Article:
An asylum seeker in Peel Region died while sleeping outside in Brampton, Ontario this week, prompting Mayor Patrick Brown to demand more aid from the federal government.
The man was in his 40’s and was found in a tent on Dundas St. East with no vital signs on Wednesday morning, according to Peel Regional Police.
The coroner deemed that his death was not suspicious, however a post-mortem will be conducted to determine the exact cause.
On Thursday, Brown called for urgent funding from the federal government to prevent future deaths from asylum seekers as winter looms ahead, during a press conference in Brampton.
Peel Region estimates that 68% of shelter residents are asylum seekers, or close to 1,200 people, according to CBC News.
“When I got the news of a fatality yesterday, my heart broke,” said Brown. “We’ve just heard excuses from other levels of government that help is on its way. It’s going to come, but it hasn’t yet.”
“We’re about to get into cold weather, and when you have up to 150 people sleeping outdoors, there will be more fatalities. And that blood is on our hands if we don’t step up and help,” he continued.
Brown was accompanied by several other community leaders, who said that the Peel Region shelter system was far beyond its capacity, housing almost 1,500 with resources only designed to house 500.
Brown said that every night in Brampton, as many as 150 asylum seekers sleep outside and without additional help from Ottawa, there will be a “pending humanitarian disaster.”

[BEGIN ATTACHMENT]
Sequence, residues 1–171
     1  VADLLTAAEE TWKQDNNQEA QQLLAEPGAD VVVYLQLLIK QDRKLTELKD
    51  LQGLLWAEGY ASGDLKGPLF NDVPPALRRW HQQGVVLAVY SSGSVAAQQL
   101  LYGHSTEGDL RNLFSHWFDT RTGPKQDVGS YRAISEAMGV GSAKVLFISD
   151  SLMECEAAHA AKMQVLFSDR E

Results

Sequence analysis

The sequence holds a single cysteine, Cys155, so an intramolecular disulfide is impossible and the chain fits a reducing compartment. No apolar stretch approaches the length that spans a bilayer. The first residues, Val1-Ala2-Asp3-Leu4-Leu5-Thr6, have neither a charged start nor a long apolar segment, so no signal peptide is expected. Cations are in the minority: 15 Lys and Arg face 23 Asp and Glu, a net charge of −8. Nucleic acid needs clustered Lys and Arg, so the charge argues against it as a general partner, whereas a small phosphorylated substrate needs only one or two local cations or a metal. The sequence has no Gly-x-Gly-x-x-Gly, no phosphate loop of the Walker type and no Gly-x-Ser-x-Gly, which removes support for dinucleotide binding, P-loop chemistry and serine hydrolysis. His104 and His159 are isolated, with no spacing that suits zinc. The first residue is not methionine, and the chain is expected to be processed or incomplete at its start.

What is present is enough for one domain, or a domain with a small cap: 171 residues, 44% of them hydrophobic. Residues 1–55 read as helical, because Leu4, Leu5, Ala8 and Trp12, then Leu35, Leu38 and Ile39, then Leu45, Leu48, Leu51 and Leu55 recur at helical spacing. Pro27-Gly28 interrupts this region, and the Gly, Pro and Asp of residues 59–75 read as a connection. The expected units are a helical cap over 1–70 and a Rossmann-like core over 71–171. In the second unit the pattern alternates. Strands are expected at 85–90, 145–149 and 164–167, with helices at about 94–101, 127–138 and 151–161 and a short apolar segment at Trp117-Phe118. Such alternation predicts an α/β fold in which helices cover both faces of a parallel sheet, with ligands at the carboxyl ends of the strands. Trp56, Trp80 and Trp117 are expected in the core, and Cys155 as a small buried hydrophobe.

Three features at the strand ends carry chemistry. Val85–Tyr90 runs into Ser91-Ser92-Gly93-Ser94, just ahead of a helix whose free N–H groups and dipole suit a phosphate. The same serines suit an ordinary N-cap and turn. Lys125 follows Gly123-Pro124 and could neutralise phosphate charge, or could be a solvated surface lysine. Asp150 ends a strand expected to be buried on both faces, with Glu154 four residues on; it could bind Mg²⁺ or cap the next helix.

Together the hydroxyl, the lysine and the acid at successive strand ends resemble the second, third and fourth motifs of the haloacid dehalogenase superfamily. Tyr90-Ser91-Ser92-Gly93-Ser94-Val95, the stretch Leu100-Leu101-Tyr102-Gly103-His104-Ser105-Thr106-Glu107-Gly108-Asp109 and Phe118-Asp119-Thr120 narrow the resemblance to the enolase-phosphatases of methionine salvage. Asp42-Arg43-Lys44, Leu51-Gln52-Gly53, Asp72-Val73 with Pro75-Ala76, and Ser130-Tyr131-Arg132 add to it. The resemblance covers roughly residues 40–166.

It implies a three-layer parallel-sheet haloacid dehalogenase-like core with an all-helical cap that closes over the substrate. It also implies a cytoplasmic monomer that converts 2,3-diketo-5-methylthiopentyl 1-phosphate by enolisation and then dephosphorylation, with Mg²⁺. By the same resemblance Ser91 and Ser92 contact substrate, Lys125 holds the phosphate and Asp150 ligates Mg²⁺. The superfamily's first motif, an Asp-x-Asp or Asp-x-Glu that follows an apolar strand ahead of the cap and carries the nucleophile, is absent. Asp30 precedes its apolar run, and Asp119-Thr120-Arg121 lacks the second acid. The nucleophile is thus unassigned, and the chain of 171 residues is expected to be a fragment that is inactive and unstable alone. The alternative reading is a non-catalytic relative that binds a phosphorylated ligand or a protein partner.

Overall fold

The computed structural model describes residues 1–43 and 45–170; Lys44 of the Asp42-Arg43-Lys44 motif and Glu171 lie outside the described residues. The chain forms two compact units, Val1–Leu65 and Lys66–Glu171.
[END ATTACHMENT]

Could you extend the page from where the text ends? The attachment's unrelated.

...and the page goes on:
“This cannot wait another month. This cannot wait weeks. My worry is that next week, if we don’t have help immediately, we’re going to see fatalities in our region,” said Brown.
Officials in Peel Region have had several meetings with Marc Miller, Minister of Immigration, Refugees, and Citizenship, however little has come from those discussions, according to Brown.
Next Thursday, Brown plans to present an emergency report to Peel Region Council that will outline what past efforts have worked and to seek approval to implement new solutions immediately.
“We are actively collaborating with all levels of government, community partners, and neighbouring municipalities to secure the essential funding needed for more beds and support services,” said Brown in a written statement.
A volunteer with Toronto’s Dominion Church International, Senior Pastor Eddie Jjumba, confirmed that the man who died was from Nigeria.
“It’s a sad day. It’s a gloomy day and it’s a day that we had hoped would never come,” said Jjumba.
“This is what happens when you delay an essential service. Doesn’t matter the time you bring it, it could be too late. When you delay an essential service, people can die. So yes, people will continue to die.”
Jjumba called for a federal reception centre that could welcome asylum seekers in the Greater Toronto Area.
“I’m not picturing a big luxurious space. I’m picturing a space that is safe enough to keep somebody warm, some food as they process their immigration process,” he said.
“Everybody has been saying that, ‘Guys, if you don’t really change what you’re doing, somebody might die.’ And they say that a death of one man is a death too many. I would even specifically say, a death of one Black man is a death too many.”
Calls for federal aid to provide housing for asylum seekers first began in May 2023 and in June, Brampton began referring asylum seekers to federal programs after its shelter capacity reached overcapacity.
Due to a lack of federal funding, many asylum seekers were left to sleep on sidewalks or near homeless shelters in downtown Toronto.
Several churches decided to come forward to provide shelter for those left outside.